In her moving SuperSoul Session, India.Arie uses what she calls “songversation” to beautifully describe her journey from breakdown to breakthrough. “Songversation is not a concert,” she explains. “It’s not a lecture. It’s not a performance, even. This is a songversation. And a songversation is a practice that is part meditation, part prayer, part fellowship and part action.”
India.Arie was just 23 years old when she entered the music industry, hoping to find self-worth and healing. “Which is laughable now because the music industry is treacherous,” she says.
Still, she believed that earning success as a singer would help mend the wounds from her childhood. “I was sexually abused by several people by the time I was 12,” she says. “And my parents had an abusive relationship, so I saw horrible violence. And by the time I was 18 and I went away to college, I felt innately flawed and unlovable, really, and I walked through life with this ever-present undercurrent of melancholy.”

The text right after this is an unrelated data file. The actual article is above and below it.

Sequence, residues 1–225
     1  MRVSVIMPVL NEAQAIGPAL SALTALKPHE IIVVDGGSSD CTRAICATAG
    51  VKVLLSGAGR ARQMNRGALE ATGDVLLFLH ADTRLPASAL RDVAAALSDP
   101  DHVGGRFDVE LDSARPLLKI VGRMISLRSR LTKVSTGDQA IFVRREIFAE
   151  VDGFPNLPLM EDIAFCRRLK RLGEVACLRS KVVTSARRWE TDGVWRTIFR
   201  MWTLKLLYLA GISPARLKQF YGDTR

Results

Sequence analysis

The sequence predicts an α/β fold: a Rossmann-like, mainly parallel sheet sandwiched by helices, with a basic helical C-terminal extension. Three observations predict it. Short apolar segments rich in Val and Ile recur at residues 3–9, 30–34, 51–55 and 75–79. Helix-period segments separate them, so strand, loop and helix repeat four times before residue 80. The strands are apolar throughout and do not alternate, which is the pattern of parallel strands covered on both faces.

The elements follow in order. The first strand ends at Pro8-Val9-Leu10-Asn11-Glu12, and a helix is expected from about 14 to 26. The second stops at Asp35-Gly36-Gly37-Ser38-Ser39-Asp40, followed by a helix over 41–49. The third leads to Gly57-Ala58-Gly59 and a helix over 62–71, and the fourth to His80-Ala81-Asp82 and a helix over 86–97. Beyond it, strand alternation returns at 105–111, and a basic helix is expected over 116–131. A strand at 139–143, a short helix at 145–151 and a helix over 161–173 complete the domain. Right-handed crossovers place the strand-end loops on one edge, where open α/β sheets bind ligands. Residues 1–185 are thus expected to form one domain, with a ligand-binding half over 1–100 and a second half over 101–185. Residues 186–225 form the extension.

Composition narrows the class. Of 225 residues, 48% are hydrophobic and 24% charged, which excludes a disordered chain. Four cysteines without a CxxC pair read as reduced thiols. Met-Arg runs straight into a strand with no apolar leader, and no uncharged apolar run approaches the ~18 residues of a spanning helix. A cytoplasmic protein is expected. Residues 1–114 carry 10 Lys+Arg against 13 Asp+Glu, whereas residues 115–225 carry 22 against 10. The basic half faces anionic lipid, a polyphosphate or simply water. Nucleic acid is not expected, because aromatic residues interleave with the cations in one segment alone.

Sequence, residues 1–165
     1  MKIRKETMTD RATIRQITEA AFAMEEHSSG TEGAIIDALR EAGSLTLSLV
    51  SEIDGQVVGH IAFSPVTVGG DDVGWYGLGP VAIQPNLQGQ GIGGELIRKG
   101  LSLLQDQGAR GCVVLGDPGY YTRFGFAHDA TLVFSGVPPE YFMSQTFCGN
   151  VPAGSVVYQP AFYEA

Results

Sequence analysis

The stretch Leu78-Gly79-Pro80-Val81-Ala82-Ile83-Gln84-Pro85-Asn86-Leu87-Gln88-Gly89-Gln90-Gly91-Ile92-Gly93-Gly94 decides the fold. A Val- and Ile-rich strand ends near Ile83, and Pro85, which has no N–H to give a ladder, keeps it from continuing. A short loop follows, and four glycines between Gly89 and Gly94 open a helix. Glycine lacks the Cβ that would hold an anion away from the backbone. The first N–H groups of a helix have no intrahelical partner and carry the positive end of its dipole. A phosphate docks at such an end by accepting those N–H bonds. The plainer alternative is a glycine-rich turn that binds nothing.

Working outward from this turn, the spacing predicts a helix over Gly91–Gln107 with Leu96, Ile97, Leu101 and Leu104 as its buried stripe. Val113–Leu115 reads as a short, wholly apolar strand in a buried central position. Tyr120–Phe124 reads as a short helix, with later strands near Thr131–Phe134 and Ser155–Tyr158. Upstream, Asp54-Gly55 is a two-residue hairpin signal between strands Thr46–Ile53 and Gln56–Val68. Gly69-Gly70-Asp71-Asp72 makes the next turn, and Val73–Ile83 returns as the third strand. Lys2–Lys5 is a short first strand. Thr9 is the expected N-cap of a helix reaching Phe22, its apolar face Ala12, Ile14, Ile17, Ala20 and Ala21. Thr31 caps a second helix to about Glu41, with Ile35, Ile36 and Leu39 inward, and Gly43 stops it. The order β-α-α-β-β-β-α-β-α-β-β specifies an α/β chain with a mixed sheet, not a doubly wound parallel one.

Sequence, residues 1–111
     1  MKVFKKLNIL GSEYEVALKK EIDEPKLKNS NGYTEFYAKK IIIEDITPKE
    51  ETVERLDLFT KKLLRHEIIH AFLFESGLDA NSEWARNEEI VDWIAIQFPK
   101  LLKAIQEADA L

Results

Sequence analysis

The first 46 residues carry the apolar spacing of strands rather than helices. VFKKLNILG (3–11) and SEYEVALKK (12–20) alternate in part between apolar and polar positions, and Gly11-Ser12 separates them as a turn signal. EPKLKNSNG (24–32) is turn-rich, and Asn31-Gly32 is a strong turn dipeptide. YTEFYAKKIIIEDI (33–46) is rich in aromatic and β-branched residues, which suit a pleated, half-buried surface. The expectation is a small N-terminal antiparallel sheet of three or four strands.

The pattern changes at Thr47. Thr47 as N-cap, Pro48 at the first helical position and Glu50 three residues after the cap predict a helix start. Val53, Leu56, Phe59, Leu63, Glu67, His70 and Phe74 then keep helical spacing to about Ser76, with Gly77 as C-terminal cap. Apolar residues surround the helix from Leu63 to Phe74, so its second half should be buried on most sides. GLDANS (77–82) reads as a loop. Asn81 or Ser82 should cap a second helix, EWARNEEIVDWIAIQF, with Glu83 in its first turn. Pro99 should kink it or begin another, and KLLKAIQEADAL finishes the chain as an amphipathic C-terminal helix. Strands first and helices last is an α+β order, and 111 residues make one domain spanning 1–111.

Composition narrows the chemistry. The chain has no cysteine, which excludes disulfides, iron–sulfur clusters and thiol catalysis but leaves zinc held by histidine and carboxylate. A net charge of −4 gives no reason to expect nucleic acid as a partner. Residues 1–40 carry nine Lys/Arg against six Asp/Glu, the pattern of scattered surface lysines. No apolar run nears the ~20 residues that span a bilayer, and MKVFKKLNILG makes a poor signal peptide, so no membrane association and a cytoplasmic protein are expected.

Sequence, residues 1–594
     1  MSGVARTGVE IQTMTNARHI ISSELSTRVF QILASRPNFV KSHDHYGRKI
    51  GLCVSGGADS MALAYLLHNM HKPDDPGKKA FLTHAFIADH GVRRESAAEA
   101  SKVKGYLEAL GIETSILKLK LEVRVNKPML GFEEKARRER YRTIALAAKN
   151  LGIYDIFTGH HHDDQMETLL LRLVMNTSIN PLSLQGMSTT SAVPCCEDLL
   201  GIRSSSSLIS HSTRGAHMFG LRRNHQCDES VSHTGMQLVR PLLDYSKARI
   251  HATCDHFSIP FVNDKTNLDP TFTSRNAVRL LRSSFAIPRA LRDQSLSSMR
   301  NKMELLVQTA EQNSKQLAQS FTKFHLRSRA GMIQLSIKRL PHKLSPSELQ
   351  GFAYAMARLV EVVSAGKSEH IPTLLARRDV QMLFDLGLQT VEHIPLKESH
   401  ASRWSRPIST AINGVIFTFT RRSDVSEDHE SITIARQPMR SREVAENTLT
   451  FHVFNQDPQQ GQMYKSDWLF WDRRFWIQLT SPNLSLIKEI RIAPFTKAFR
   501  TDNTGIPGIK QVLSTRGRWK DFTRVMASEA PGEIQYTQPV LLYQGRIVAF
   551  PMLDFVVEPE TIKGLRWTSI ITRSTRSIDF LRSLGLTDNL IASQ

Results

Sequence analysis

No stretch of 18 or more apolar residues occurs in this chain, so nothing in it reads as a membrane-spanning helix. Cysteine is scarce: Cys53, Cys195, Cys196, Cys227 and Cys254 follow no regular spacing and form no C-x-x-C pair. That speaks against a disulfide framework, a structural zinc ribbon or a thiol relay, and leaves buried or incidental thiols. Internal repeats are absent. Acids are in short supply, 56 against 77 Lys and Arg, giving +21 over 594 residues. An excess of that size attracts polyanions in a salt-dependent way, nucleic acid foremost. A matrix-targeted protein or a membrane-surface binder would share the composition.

India.Arie enjoyed a quick rise to fame, but she found herself surrounded by people with their own agendas. “When I came into the music industry, I was put into a box based on race and gender. And they basically said, ‘You’re a black woman. And so this is what people will accept from you.’ And I stayed in that box until it began to hurt.”
Indie.Arie says that after she drifted into a downward spiral of isolation and depression, she finally reached her breaking point. “By the end of 2009, everything I was afraid of happening happened. I was humiliated onstage. I was sick. I was stolen from. And I hit rock bottom,” she says. “And I saw. I saw what needed to change—and it was me.”
Boldly, she decided to walk away from it all. “I looked my fear right in the eye and I tore my whole career down, my whole life down, down to the foundation,” she says. “And at this time, I’m 35 years old. I’ve released four albums; I’ve been in the music industry for 10 years. And I’m thinking, ‘It’s time to take a chance on the truth.'”